- Digital Healthcare Expert.
List of healthtech startups
Here is a short list of health tech companies I collected (as you can see a non-exhaustive search). You can read about their objectives and what kind of background profiles they want.
Here is a list of healthcare professionals that I’ve found online that can be considered role models for changing careers:
- Chris Lovejoy, MD, machine learning engineer and founder of several startups.
- Thijs Spanhaak, MD, Medical Knowledge Translator at Ada Health
- Milan Jovanovic, MD, PhD, Procuct Owner at Ada Health
- Jeff Lafranca, MD, PhD, Operational manager GeriCall
- Ronny Shalev, PhD, CEO & Founder of Dyad Medical Inc
- Tryggvi Thorgeirsson, MD, CEO & Founder of Sidekick
- Jefferson Tang, MD, software developer
- Kevin Maloy, MD, software developer
You can check out their LinkedIn or personal websites to see what they are currently enthusiastic about and get information about their career change.
The application interview: lead by example
Some important things to keep in mind when you decide to switch and get invited for an interview:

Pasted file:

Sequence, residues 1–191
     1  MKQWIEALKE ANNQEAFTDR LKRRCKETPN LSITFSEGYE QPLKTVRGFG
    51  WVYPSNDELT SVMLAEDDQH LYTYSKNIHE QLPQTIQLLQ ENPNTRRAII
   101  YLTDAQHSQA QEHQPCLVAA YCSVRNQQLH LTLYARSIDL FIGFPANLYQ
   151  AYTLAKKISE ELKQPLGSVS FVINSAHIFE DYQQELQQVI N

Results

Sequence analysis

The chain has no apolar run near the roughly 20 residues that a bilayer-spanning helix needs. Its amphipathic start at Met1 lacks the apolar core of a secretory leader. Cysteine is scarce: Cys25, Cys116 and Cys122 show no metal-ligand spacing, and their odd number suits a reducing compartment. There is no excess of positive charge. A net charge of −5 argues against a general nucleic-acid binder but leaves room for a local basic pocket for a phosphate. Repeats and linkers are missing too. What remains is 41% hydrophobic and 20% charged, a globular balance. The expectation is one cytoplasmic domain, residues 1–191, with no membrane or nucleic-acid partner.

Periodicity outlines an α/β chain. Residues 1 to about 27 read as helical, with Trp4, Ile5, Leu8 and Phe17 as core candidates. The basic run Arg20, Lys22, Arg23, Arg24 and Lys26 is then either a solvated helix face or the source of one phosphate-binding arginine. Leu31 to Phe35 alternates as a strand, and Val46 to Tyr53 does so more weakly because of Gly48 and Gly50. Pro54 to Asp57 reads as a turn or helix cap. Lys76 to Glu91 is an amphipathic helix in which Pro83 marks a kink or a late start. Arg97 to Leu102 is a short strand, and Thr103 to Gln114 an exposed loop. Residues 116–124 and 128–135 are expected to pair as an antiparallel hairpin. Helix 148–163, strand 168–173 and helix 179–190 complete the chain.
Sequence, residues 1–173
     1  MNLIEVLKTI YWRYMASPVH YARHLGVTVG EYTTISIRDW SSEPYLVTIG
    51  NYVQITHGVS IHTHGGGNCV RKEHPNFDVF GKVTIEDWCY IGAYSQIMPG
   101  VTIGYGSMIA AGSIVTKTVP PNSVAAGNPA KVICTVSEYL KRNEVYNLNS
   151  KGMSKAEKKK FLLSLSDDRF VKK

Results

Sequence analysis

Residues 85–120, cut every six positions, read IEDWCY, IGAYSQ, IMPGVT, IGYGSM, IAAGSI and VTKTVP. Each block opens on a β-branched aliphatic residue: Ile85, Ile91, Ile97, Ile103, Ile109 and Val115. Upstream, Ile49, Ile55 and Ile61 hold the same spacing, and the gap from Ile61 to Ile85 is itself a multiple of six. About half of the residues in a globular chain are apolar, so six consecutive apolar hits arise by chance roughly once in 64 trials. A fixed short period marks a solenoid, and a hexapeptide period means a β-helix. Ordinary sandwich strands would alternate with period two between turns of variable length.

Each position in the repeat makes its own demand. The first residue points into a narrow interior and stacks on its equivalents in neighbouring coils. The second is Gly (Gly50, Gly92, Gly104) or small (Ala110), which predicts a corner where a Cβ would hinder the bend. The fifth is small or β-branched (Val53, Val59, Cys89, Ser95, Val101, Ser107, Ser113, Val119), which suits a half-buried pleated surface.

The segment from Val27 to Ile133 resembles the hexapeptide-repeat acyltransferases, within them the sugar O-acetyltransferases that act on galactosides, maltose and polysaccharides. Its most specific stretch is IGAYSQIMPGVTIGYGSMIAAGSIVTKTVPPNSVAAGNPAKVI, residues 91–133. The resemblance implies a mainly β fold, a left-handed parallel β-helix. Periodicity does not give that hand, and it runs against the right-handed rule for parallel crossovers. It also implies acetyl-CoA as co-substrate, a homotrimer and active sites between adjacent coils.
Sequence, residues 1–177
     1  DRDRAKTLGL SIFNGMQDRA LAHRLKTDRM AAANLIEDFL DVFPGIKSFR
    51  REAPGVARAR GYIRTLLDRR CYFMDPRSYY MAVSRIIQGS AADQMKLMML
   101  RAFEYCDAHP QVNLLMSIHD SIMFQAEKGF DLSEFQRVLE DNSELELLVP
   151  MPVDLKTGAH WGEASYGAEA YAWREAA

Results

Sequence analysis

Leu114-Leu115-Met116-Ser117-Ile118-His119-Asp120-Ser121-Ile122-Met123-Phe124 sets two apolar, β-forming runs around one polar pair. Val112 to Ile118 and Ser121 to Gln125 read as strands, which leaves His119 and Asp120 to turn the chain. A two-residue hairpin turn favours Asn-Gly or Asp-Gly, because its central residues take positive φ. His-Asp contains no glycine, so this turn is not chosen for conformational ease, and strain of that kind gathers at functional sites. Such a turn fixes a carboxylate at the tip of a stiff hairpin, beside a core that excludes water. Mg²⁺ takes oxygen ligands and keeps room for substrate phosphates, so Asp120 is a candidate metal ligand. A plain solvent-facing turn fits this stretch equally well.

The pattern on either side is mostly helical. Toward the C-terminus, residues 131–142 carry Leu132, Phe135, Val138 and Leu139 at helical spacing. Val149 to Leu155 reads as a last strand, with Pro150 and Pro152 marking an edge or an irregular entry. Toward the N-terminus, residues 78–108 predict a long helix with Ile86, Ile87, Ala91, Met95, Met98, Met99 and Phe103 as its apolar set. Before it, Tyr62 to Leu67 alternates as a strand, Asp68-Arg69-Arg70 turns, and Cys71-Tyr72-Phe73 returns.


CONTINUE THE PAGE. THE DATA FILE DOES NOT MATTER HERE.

1. Make a personal website.
CVs are outdated. Make an online portfolio (e.g. www.yourname.com). On the website, as much as you can, lay out the steps you took in private to prepare yourself for a job in this field. Here are some examples to get started:
- Show photos of yourself at tech events (people skills)
- Write reviews of health apps that you like and why you would recommend them (commercial and customers satisfaction skills)
- Analyse data from personal health trackers that you got from your smartwatch (data analysis skills)
- Write reviews of research papers in artificial intelligence that made you think differently (research skills)
- Present some hobby coding projects (software development interest)
Remember to place an emphasis on your autodidactic skills. These are essential in this fast-developing field. University degrees are not outdated, but they will be…